“We realized that students coming into FAMU, on average, have more financial challenges than students elsewhere may have to deal with. So, we have to not only look at what it costs them to get to us but also at what it costs them to stay with us and to finish their education.”
He’s quick to acknowledge the hardships many of the students have experienced, which is reflected in the support the university provides. “We have a great appreciation for the number and types of problems out there in the world that need a unique perspective, and the preparation we provide students at FAMU gets them ready for that,” Larry says.
“It’s about providing an environment that has a genuine appreciation for the diversity of experiences and cultures that students bring with them, and being willing and able to celebrate all that together.”
Recognizing the financial difficulties that many of the students face, the university has not increased its tuition fees for several years. “We’re very sensitive to any charges or expenses, from housing and food to tuition fees,” Larry explains. “Beyond holding the line on those expenses, we provide funds to support the student experience, to make up for what they might not have received from their families alone.”
FAMU works on identifying and encouraging students to participate in funded research and internships arranged through corporate partners, such as the Dow Chemical Company and Eunice Health. These opportunities offer students participation in co-op and STEM programs, giving “real support and mentoring, and the possibility of graduate employment”.
The university’s ‘Save Our Students’ program provides unique support, from the students’ first year to graduation and beyond. “It is a specific fundraising effort that assists students in that transition period, trying to keep them in school after their first year so they finish their academic experience,” Larry explains.
“It’s critical to keeping students on track, allowing them to focus on working on scholarships rather than working in a part-time job that doesn’t necessarily promote their academic progress.”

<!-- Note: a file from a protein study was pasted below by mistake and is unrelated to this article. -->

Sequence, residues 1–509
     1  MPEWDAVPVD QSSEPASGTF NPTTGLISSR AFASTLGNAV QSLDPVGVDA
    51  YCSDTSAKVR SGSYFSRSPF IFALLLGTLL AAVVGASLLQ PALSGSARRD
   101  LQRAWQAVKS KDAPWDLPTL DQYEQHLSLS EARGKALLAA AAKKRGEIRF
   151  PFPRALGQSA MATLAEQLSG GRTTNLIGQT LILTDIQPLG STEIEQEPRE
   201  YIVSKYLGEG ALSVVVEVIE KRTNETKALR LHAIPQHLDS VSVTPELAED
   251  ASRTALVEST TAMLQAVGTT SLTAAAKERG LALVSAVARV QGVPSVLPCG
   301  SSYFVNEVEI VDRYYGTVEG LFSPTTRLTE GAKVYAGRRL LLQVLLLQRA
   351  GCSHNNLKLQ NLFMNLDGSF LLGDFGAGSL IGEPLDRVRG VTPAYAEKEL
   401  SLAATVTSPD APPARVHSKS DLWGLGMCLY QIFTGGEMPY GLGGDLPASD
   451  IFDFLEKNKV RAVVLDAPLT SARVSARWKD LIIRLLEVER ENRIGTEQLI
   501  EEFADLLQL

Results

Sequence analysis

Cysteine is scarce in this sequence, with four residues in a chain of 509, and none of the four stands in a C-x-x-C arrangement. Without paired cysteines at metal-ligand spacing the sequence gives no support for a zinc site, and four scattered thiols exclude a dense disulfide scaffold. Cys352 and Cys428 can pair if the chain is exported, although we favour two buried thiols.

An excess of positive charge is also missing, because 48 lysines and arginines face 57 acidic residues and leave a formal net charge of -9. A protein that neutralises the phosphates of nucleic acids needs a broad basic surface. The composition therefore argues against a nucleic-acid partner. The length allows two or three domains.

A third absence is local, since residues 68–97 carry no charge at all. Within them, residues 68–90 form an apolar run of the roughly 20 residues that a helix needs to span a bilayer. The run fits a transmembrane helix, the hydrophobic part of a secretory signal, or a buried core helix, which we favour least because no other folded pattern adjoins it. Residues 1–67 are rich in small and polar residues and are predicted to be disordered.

The scholarships range from rewarding academic excellence to providing needs-based opportunities, with the aim of minimizing students’ out-of-pocket expenses – a key metric for FAMU and the state university system performance model as a whole.
“It’s a metric that we do pretty well in,” Larry explains, mainly due to FAMU’s combination of needs-based aid and opportunities. “It’s extremely important to us, knowing what the students’ financial backgrounds are as that has nothing to do with their intellectual capabilities.”
Even after the students graduate, the support continues. Larry says that he is in “constant communication” with the alumni as well as the President of the National Alumni Association and the Director of Alumni Affairs, and he speaks at alumni events, fundraisers and student send-offs. “A month – sometimes a week – rarely goes by where I’m not engaged in some activity, some conversation involving members of the alumni,” he says.
Larry explains that for students, alumni, the faculty and himself, it goes beyond personal interests; it’s about looking outward and carrying an “essence of caring to do things to enrich the lives of others”.
“Students come here understanding that it’s not enough for them to just graduate and go out into the world and do well on their own behalf,” Larry explains. “It’s ingrained in the FAMU culture that students get involved in things in their community that help make the lives of others better.
“Plus, they don’t always wait until they graduate to be engaged in those types of things; and they shouldn’t have to wait,” he continues. “Data shows that a more engaged student is much more likely to be a successful student in a number of ways.”
The students at FAMU have a long history of advocating for equal rights, which, Larry observes, has “been with us from the very beginning”. “We were born in an era where everything isn’t perfect, but it was certainly a lot less perfect on October 3 1887, when FAMU was founded,” Larry explains.
“The founding fathers, the instructors and students of that period knew that in order for things to get better, they had to pursue a world-class education.”